Two men at Lone Pine stare down the trench at the camera, a typical image of Gallipoli surrounded by earth and sandbags - sods of grass and harsh vegetation reach over them providing false sense of protection. In a junction, one man standing in trousers, shirt, short sleeves with webbing slung over the top. His rifle is a leaning stick, a long bayonet attached obscures his face ever so slightly.
The other man, on one knee as if in a pose. Shorts, shirt, sleeves rolled up, ready for what may come. His rifle at the high ready, bayonet attached. Both looking extremely ordinary, ready to survive, ready to fight, slouch hats on. We do not know what they did. if they survived, if they died?
What adrenaline charged emotions prepared them to face the unknown ... an do it again and again and again. We tell our young Australians it is an ANZAC spirit, but perhaps it is more than that.
On that Gallipoli peninsula would be nearly 4000,000 casualties in total - 36,141 young Australian and New Zealanders, among thousands of others from Britain, France and the Ottoman Empire. A beach, ridge, gullies, and slithers of dirt are forever written into our histories and further still on the Western Front.
Battles which shaped an awareness of how we as nations fared in the global scale of warfare - scale measured from the sacrifice of the 'ordinary' Australian.
Walter Downing was at Villers-Bretonneux in 1918. 'The moon sank behind the clouds. There were houses burning in the town, throwing a sinister light on the scene. It was past midnight. Men muttered "It's Anzac Day", smiling to each other, enlivened by the omen'.
Cheering, our men rushed straight to the muzzles of machine-guns, not troubling to take them in flank. There was no quarter either side ... [The Australians] killed and killed. Bayonets passed with ease through grey-clad bodies...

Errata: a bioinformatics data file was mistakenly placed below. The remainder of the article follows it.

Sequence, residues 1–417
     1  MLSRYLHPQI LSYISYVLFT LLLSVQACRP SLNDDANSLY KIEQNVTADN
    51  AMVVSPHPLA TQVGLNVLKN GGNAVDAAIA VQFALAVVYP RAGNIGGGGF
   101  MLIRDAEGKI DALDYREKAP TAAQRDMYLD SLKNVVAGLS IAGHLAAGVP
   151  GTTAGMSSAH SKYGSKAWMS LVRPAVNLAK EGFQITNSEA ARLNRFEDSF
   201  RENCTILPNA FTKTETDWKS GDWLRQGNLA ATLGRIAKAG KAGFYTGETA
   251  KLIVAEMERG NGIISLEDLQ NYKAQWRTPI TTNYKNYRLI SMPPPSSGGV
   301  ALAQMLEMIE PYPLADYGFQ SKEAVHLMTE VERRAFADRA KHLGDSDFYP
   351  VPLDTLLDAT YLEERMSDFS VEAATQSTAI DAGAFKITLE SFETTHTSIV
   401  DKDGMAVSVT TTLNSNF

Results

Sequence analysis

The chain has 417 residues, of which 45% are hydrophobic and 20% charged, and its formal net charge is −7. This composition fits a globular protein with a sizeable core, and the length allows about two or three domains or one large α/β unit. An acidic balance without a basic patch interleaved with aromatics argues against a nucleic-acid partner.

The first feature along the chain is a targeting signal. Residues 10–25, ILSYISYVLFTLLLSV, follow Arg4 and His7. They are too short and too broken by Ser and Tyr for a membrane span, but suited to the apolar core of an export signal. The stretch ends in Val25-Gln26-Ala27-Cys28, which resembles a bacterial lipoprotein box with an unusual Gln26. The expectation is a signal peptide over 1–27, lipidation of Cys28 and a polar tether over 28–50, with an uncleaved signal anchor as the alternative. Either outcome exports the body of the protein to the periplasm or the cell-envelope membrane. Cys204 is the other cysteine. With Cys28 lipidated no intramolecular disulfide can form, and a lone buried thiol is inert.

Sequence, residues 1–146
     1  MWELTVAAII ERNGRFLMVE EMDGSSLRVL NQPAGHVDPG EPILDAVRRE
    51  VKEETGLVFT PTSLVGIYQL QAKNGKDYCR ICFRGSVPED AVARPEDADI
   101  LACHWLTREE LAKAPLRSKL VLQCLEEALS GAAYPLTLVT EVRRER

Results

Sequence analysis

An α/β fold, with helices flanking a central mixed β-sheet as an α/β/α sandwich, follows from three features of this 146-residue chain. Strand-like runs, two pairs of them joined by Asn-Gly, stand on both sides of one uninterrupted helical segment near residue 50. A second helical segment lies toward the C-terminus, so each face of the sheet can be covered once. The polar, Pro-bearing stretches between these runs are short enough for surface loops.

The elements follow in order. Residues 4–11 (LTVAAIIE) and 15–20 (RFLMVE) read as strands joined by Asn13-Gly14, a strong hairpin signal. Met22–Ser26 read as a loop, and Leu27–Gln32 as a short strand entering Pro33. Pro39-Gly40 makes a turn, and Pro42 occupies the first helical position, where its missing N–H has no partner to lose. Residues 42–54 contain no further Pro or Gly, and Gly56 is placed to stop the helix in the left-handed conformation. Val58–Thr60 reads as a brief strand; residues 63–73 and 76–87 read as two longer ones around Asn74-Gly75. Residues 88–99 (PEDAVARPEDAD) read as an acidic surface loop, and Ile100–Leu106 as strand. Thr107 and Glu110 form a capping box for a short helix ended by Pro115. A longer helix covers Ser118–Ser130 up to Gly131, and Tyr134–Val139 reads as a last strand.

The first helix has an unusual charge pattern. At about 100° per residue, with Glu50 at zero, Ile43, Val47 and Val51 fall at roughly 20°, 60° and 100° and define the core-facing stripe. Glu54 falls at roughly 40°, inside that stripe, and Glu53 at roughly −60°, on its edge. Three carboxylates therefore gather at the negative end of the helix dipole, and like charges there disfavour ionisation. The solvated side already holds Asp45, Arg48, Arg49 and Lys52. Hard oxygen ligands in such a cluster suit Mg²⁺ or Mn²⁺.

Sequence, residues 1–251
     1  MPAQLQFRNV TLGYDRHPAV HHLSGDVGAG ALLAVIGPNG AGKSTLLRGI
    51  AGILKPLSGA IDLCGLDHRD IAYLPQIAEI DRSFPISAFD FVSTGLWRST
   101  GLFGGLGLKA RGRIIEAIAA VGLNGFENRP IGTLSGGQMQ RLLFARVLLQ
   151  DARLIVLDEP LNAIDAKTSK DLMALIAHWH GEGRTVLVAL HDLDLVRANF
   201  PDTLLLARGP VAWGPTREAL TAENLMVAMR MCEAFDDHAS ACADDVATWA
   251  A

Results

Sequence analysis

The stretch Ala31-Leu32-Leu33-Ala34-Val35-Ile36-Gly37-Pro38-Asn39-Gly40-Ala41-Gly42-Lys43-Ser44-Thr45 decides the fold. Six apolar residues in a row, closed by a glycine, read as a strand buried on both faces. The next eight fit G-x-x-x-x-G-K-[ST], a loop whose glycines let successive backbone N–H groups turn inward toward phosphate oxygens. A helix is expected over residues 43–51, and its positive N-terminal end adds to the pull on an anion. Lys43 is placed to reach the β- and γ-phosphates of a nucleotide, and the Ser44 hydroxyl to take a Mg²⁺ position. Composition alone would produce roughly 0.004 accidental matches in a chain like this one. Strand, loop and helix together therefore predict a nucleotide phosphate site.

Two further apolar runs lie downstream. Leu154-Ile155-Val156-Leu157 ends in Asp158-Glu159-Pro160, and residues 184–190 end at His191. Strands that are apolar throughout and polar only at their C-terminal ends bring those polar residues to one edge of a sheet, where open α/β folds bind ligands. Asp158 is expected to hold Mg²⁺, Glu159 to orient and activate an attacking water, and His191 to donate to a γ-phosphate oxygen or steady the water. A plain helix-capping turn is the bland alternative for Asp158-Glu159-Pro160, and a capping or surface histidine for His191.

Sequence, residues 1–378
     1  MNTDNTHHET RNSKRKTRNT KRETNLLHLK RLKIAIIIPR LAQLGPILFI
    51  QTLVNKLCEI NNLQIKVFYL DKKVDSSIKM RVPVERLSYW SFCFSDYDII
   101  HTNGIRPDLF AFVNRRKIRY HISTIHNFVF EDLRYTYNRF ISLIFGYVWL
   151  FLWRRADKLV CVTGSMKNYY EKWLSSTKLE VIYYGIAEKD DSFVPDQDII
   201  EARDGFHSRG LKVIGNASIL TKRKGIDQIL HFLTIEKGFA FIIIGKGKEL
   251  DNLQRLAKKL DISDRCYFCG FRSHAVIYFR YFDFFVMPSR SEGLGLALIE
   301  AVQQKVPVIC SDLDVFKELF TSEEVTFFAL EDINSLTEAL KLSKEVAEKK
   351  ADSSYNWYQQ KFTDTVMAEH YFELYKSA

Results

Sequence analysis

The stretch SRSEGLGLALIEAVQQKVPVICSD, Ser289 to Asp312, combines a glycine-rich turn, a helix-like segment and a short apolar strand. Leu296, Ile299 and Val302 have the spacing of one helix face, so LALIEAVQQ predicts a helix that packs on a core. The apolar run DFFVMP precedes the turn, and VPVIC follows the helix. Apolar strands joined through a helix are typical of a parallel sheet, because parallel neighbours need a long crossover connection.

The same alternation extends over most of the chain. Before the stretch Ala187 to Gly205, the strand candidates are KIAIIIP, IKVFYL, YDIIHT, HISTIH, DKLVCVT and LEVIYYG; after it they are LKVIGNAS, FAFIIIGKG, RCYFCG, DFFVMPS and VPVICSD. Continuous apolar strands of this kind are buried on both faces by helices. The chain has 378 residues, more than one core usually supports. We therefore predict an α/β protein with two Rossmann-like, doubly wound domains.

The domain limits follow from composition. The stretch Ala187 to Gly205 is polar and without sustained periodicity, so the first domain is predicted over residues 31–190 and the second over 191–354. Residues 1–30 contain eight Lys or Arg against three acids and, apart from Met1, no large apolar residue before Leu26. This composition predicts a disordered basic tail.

Charlie Stokes was awarded the Distinguished Conduct Medal for his efforts that day. But he was haunted by them too. In later life, he confided in his children he had openly wept after the recapture of Villers-Bretonneux upon seeing what he had done.
Perhaps, it is the capacity of all ordinary humans to do extraordinary things when coupled with extreme circumstance - to fight harder, to march further, dig deeper, move despite overwhelmingly odds and care for wounded mates, no matter what the personal imposition or risk - even if that risk means death.
This is the spirit worth of renown, praise and of striving to achieve. This is a human spirit - the Anzac spirit. A spirit that spans generations, defines what mateship means and drives us to be more than we ever imagined we could be.
Like Kevin Dasher Wheatley in Vietnam who risked his life to rescue a young girl caught in the cross fire between forces, putting his life on the line for her.
In his last action a fellow Warrant Officer, Ron Swanton was mortally wounded. Dasher refused to leave his side, armed himself with two grenades and stayed with him knowing he would be killed in defending his mate.
That's courage and mateship. For this he was posthumously awarded the Victoria Cross.